Survey: Odds Are, You're Working for a White GuyBy Deborah Rothberg | Posted 2007-01-18 Email Print
Re-Thinking HR: What Every CIO Needs to Know About Tomorrow's Workforce
According to a new survey, very few U.S. workers report to a minority or female boss.
Few U.S. workers report to either women or minorities, according to a survey released Jan. 17 by Hudson, a New York provider of recruitment services.
More than three-quarters (76 percent) of U.S. workers report to a Caucasian boss, according to the result of the national poll of nearly 5,000 workers.
Just one-third (34 percent) reported that their boss was a woman, while at the same time, less than half of workers indicated that there was racial, ethnic or gender diversity on their company's executive team.
Less than half (47 percent) of workers noted that they were employed by an organization with a formal diversity initiative, with the remaining 53 percent at companies lacking one, or unsure of whether one existed. Employees of companies with more than 500 workers were the most likely to report that their company had a diversity initiative.
Nevertheless, the programs appear to lack popularity, or at least a well-recognized ability to create salary and job advancement opportunities for women and minorities. While nearly one-third (31 percent) of respondents felt that they did, another one-third (35 percent) disagreed, and the final group (33 percent) was unsure of the impact of these programs.
Yet, the majority considered workplace diversity crucial, with 39 percent considering it "very important" and 31 percent determining it "somewhat important," a number significantly higher among African-Americans (65 percent) and Hispanics (51 percent).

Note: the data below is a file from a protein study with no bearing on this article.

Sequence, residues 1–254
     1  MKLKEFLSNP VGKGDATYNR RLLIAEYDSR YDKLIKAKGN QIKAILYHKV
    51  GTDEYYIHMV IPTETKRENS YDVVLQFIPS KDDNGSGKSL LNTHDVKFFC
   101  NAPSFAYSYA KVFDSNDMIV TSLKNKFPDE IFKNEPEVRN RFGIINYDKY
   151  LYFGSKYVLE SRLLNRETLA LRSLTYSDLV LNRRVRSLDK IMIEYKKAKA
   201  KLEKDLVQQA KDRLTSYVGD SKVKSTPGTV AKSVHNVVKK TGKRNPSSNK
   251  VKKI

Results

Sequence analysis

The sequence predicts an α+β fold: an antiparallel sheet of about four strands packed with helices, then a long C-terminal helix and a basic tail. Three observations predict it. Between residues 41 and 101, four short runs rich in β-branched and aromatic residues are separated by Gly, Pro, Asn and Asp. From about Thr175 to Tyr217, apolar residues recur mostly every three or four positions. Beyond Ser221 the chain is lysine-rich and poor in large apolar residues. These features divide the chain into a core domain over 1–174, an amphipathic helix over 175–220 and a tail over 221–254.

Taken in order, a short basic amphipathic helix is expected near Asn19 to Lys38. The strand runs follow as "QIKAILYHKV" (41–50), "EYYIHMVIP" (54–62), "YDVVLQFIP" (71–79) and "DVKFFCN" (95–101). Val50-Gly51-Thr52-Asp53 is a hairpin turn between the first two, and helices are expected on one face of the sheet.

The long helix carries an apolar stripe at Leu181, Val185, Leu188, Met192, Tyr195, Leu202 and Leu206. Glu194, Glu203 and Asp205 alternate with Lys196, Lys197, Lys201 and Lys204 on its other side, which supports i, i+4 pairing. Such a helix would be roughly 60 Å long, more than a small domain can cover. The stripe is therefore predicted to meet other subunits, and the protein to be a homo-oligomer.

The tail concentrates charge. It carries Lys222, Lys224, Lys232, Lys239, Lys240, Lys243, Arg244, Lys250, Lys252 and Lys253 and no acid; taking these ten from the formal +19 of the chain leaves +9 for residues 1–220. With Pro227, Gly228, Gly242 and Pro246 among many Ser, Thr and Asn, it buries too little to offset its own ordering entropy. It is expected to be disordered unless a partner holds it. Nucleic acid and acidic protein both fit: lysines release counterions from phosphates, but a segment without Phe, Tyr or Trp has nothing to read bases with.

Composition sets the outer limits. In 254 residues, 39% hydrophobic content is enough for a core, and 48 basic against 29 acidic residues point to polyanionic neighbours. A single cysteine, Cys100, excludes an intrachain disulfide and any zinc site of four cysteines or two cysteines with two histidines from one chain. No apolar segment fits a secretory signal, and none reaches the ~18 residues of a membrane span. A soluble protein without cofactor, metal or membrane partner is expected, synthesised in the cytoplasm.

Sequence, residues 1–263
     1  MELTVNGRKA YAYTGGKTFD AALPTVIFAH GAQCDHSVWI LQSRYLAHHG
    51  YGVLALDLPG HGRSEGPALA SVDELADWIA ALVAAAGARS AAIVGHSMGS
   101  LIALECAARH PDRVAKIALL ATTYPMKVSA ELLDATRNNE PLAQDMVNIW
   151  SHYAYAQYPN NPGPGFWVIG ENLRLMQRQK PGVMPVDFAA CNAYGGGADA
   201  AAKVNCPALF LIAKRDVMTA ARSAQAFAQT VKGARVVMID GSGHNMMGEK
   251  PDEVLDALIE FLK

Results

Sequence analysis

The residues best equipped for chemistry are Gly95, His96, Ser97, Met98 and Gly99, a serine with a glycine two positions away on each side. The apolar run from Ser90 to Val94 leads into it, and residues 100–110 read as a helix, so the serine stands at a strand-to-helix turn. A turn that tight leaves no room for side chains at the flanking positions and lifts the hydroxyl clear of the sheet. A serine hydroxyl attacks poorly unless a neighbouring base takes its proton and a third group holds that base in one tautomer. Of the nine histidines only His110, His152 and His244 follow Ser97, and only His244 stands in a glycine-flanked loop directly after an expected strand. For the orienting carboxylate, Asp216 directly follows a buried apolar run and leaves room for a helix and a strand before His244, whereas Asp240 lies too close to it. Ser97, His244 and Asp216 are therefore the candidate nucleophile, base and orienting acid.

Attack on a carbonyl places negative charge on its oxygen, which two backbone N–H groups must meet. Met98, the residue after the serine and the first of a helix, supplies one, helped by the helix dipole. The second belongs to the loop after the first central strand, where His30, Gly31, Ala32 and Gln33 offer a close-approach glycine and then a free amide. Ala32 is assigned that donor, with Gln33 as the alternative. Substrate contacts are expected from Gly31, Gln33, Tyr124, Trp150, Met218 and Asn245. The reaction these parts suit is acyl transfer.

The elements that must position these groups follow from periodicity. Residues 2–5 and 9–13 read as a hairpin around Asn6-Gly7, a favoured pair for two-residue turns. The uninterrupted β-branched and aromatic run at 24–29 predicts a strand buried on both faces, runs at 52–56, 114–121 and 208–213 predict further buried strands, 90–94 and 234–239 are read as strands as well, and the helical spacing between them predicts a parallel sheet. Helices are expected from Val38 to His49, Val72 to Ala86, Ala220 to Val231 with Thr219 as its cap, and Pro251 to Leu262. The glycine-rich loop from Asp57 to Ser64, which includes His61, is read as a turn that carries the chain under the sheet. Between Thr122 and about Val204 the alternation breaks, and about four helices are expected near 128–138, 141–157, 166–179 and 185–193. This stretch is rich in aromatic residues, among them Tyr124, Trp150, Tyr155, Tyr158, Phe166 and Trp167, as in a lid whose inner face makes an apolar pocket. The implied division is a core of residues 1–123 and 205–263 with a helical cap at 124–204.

Perceptions of discrimination were strong among workers. Nearly one-fifth (19 percent) of workers said they knew someone who they believe was denied a job, promotion or pay increase because of race or ethnicity, a number that more than doubled (46 percent) among African-Americans. 22 percent of workers said that they knew someone who they thought was denied a job, promotion or pay increase because of gender.
"Despite the clear need for more diversity in the workplace, particularly in supervisory and leadership roles, some employers continue to struggle with implementing diversity programs and creating an inclusive environment that embraces all workers regardless of race, gender, age, sexual preference or ethnicity," Jessica Priego Lopez, director of Diversity & Inclusion Practice for Hudson North America, said in a statement.
"The global forces affecting businesses make diversity of talent and diversity of thought an absolute necessity, and very soon, companies will have a hard time remaining competitive if they do not succeed in recruiting, retaining and developing workers from diverse backgrounds."
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